Haunting. Mysterious. Overbearing.
Paintings in film noirs cast a long shadow, seducing some and tormenting others. As main characters struggle to come out ahead in a dark and cynical world, those paintings often remind them of how far they have yet to go.
Take a look at some of the most haunting paintings featured in film noirs below!
1. Laura (1944)
Laura’s portrait needed to be perfect for the film. After all, it had to capture the mysterious woman so well that Dana Andrews' character would fall in love. The first portrait was painted by Azalia Newman, the wife of the film’s original director, Rouben Mamoulian. However, studio head Darryl Zanuck was displeased with the initial direction of the film and replaced him with Otto Preminger. The new director thought Newman's painting of Laura looked boring. So Gene Tierney was photographed by Frank Polony, and one of those pictures was then blown up and lightly airbrushed to make it appear as if it was a painting. The two portraits were quite different. Newman’s portrait had Tierney facing front dressed in a spotted coat, gloves, and a smart suit while the final one captured the beauty and mystery of the title character.
2. Woman in the Window (1944)
Paul Lewis Clemens painted Joan Bennett for Fritz Lang’s Woman in the Window. Clemens’ light, almost airy style is seen in the film’s painting and gives an almost heavenly appearance to Bennett. Clemens’ paintings often involved sports – especially baseball – but he was also known for painting Katharine Hepburn, Audrey Hepburn, Frank Sinatra, Henry Fonda, and Angela Lansbury. His favorite subject to paint was his wife though.
3. Scarlet Street (1945)
Joan Bennett once again became a painting for Lang’s Scarlet Street. This time the director turned to John Decker, who not only completed Bennett’s portrait but also thirteen other paintings. Decker was well respected and actors, such as John Wayne, Anthony Quinn, Errol Flynn, Greta Garbo, and the Marx Brothers, also commissioned him to paint their portraits. The paintings used a primitive style – since Edward G. Robinson’s character was an amateur. Robinson’s character is also affected by one more portrait in the film: that of his wife’s first husband, Higgins. His painting serves to remind him of his shortcomings – at least, in his wife’s eyes.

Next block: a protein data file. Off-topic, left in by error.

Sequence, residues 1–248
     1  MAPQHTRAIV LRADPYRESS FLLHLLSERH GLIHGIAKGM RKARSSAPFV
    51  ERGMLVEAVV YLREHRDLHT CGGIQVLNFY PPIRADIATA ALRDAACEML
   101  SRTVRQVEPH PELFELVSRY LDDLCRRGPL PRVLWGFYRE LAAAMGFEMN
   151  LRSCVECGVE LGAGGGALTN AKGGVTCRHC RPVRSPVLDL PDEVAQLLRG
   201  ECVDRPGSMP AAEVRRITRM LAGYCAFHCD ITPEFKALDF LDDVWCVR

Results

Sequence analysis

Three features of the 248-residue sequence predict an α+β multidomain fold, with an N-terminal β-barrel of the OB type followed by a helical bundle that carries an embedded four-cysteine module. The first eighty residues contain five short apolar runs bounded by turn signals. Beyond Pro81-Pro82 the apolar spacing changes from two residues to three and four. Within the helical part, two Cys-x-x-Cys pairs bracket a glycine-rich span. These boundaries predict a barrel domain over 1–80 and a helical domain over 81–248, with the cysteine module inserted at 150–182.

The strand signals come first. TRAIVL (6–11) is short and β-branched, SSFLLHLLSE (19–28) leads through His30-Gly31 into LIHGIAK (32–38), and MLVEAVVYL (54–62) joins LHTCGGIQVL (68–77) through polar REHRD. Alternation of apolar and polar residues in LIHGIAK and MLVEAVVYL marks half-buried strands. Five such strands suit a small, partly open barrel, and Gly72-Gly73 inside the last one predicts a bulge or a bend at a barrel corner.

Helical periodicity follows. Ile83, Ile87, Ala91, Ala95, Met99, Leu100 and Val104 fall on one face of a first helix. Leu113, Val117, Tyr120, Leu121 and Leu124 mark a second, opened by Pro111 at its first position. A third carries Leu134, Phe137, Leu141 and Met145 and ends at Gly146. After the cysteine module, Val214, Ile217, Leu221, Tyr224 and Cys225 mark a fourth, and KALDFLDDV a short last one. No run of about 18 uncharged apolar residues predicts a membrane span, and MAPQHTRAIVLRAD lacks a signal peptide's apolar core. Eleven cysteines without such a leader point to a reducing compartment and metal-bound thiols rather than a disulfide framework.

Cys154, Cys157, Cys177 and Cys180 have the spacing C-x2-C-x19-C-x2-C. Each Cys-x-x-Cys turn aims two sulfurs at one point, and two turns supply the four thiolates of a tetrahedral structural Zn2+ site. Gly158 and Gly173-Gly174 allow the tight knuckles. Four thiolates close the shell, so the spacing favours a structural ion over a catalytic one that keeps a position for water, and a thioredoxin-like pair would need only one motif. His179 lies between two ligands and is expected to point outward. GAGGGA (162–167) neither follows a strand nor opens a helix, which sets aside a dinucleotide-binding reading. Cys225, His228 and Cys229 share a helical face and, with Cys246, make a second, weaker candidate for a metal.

4. House of Strangers (1949)
Edward G. Robinson got his chance to be featured as a portrait in House of Strangers. The artist for this piece wasn’t recorded – perhaps because it appears to be a photograph made to look like a painting, as done in Laura. Robinson's stoic portrait serves to show his position in the Italian family, a grip that Richard Conte has to fight against.
5. Born to be Bad (1950)
Ernst Van Leyden, a sculptor and European painter, completed Joan Fontaine's portrait for Born to be Bad. During WWI, he emigrated to California from Europe. Along with completing the portrait, he also served as the film's technical advisor. He was friends with Picasso and Salvador Dali.
6. Strangers on a Train (1951)
Art director Ted Haworth painted the “portrait” of Bruno Antony's father for Strangers on a Train. Interestingly, Alfred Hitchcock’s Strangers was Haworth’s first credited film as an art director. Hitch wanted the portrait to be similar to the work of abstract artist Abraham Rattner. According to Haworth’s son, Ted also completed storyboards for the film.